I was invited to connect with the creators of Spatial, a social metaverse meeting space app I’ve used many times. But this time, we weren’t using VR headsets. We were just connecting on my laptop, looking at NFT virtual homes. Is this where metaverse strategies are heading next year?
Spatial was one of the early explorers of workplace meeting areas in AR and VR. The company’s latest shift, however, is towards the web. It’s found a new financial path as a gallery space and host for NFT creators and their works, and according to Spatial’s team, that makes more sense in web browsers on computers, tablets and phones. But Spatial is also moving into more immersive NFTs, selling and renting entire NFT environments that could be places for people to meet. It says these files could eventually work across metaverse apps.
Whether or not Spatial’s environmental NFT files will work across apps depends on whether other apps support the GLB file format they’re created in. GLB is a popular 3D file format for VR and AR, but it remains unclear how metaverses such as Meta’s Horizon Worlds, for example, will work with files like these.
I took a look at Bozo Island, a space with avatars meant to be set in the year 3333, made by creator Renaud. “We’re minting 64 editions. Anyone can come in, and if they want to buy this unique space, they can mint it, and they will be one of 64 people who uniquely have access to this space. They could use it for exhibitions, or events, whatever they want to,” Spatial’s Head of Business, Jacob Loewenstein, said as we met inside Bozo Island in Spatial. The Spatial app scans an account’s wallet for a crypto token of the transaction, which then allows access to the space. “We’re pretty excited to getting into the business of selling people their own unique home and unique space in the metaverse,” says Loewenstein.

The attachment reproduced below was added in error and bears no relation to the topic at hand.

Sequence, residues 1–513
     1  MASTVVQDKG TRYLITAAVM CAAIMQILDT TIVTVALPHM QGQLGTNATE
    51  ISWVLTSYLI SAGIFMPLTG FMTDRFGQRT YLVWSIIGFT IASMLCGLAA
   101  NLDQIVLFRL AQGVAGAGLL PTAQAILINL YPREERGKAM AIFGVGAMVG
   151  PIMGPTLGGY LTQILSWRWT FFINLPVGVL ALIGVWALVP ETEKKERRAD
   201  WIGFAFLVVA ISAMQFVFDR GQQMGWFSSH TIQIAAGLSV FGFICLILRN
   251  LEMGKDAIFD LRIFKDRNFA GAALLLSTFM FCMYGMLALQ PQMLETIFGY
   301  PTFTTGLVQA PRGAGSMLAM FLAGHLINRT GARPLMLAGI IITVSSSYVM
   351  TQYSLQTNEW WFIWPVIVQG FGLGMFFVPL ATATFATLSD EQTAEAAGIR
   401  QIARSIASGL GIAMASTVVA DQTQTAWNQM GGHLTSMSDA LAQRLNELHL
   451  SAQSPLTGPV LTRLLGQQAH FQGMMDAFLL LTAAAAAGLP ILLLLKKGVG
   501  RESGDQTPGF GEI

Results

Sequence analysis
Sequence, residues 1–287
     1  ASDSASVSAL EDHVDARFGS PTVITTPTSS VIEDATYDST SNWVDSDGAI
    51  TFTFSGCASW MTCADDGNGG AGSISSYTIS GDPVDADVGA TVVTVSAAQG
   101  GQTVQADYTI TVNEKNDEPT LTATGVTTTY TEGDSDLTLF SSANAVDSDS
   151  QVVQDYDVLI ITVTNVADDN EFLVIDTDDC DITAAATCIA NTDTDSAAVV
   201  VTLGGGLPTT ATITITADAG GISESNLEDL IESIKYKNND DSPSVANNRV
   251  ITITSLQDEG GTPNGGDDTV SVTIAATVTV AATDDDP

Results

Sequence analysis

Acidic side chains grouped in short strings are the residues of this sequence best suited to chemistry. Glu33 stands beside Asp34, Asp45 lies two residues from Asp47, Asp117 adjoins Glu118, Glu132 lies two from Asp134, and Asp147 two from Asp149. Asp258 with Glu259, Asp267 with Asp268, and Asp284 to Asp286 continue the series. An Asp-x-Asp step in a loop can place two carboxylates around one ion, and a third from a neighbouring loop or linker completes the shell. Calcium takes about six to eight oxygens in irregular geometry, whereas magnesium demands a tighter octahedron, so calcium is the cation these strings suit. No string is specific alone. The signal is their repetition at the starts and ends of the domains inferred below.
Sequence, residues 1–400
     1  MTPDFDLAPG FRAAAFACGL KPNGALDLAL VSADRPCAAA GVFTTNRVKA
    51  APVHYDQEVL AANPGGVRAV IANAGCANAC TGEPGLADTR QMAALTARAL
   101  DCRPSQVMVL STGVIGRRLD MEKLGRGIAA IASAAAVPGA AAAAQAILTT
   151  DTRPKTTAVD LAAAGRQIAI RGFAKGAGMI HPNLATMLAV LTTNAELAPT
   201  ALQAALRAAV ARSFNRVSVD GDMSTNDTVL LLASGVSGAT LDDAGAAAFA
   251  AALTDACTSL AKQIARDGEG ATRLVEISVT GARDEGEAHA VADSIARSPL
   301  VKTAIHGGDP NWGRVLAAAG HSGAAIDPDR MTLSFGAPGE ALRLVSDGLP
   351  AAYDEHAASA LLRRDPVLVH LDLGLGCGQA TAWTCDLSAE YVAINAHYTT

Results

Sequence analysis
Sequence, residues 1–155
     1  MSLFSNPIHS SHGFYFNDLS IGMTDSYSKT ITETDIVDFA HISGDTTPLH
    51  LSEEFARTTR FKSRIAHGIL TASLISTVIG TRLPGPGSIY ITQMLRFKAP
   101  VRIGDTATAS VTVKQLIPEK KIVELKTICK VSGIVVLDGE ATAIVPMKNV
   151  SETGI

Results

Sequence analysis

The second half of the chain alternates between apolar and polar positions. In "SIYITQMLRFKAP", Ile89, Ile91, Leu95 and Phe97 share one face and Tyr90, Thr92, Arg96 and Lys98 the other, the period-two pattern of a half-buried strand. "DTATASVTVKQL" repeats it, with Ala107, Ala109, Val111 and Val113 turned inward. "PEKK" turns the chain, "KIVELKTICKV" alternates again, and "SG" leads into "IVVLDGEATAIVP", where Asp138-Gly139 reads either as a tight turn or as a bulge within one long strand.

I visited one of Spatial’s first virtual gallery spaces for more “traditional” NFTs earlier this year, where I looked at 2D and 3D artworks with a VR headset on, while chatting with creators who appeared as avatars. On a web browser, the experience is pretty much the same, minus the more expansive sense of headset immersion. I can see my avatar moving around on my laptop screen, and everyone else’s. I move around with keyboard buttons and the trackpad. One big difference, using a laptop or a phone: I can show my face in a video screen bubble over my avatar. It’s the type of face-to-face interaction that VR headsets still lack.
Spatial’s already worked on art gallery NFT spaces in partnership with The Hermitage and the NBA, and a number of other creators (I visited a house-size work earlier this year, a NFT space called Mars House created by Krista Kim.)
This doesn’t mean Spatial is saying goodbye to VR and AR headsets: the app’s still around, and I find it useful to hop into as a more close-up way of exploring 3D content or art. But using a regular computer, and having its keyboard and interface and multitasking capabilities, has clear advantages, especially for things like commerce. Spatial’s co-founder and CEO, Anand Agarawalla, also points to the far larger number of people that browsers can command over headsets. “We were a little skeptical, for sure,” Agarawalla says of the NFT-related growth of Spatial, but he feels the changes reflect what NFT-interested Spatial users want. “Recently the growth has been amazing. I think it tripled in the last month alone, and it’s going straight up.”
As metaverse hype continues into 2022, it’s worth noting that one of VR and AR’s most prominent companies is shifting away from headsets. The metaverse has never just been about AR and VR goggles, and the move to widen access seems like a trend that will continue next year no matter what new hardware emerges.